Researchers from the University of Cambridge, University of Oxford and Memorial University of Newfoundland interpreted a recently discovered fossil as cnidarian and have dubbed it as the earliest evidence of muscles in animals. The cnidarians are a group which contains modern animals such as corals, sea anemones and jellyfish.
The fossil dating back 560 million years ago was discovered in Newfoundland, Canada. On the basis of its four-fold symmetry, morphological characteristics, and what appeared to be some of the earliest impressions of muscular tissue, scientists concluded that the fossil belonged to the cnidarian family. Scientists have always linked origin, evolution and spread of animals to the Cambrian period, a rapid evolutionary development starting 541 million years ago. The new fossil named Haootia quadriformis dates from the Ediacaran Period, an interval spanning 635 to 541 million years ago. It differs from any previously described Ediacaran fossil as it comprises bundles of fibres in a broadly four-fold symmetrical arrangement: a body plan that is similar to that seen in modern cnidarians.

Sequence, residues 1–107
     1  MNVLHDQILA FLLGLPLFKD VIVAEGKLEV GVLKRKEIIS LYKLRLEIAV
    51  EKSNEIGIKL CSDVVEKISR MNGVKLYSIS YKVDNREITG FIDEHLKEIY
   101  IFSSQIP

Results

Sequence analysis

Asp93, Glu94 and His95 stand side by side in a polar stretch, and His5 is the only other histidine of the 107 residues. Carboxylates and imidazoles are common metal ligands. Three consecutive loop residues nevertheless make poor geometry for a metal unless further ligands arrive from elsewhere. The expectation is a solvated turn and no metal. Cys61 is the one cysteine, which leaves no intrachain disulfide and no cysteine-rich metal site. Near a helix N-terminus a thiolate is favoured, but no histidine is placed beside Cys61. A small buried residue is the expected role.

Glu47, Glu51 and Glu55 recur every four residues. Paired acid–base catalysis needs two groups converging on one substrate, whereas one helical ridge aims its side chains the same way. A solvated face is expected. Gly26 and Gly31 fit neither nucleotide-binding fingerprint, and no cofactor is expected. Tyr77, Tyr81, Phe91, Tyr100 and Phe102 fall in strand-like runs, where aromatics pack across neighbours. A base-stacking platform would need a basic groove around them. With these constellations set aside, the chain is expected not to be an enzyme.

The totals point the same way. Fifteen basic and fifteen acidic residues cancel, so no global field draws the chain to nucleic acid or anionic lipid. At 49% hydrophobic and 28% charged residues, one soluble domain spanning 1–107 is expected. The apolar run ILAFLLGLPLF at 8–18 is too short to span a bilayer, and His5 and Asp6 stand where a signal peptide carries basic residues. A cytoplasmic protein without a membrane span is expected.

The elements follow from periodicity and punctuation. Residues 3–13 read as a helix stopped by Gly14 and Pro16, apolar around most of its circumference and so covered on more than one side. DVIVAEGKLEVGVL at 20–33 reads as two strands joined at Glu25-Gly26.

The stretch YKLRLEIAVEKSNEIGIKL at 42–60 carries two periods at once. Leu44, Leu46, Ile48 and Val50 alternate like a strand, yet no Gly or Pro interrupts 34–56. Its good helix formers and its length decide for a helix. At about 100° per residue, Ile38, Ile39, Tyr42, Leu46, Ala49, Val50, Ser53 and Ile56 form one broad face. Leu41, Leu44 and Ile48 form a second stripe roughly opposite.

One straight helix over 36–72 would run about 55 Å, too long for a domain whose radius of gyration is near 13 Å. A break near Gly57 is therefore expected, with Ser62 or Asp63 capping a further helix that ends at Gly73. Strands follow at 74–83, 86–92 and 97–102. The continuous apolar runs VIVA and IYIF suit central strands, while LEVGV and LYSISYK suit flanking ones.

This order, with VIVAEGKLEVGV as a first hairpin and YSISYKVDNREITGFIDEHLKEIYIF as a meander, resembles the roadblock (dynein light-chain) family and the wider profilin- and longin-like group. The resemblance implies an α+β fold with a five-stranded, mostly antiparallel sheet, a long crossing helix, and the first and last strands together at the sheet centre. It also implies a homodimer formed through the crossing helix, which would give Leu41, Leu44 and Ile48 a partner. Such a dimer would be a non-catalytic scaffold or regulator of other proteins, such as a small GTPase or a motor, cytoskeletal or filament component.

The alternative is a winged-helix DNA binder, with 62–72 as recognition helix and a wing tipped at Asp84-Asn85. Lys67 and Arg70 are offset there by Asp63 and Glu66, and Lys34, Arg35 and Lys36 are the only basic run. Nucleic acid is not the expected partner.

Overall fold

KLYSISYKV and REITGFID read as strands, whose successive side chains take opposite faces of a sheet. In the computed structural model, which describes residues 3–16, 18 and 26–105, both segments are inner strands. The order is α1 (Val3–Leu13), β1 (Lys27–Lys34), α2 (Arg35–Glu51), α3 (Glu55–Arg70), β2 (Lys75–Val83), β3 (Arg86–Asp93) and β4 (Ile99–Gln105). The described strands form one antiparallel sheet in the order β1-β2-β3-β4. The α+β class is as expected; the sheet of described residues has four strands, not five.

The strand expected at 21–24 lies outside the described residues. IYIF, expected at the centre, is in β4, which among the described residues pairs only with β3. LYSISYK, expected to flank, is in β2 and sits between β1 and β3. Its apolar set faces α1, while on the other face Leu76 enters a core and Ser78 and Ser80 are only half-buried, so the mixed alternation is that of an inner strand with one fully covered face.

Similarities between Haootia quadriformis and both living and fossil cnidarians suggest that the organism was probably a cnidarian and that the bundles represent muscular tissue. This would make it not only a rare example of an Ediacaran animal but also one of the oldest fossils to show evidence of muscle anywhere in the world.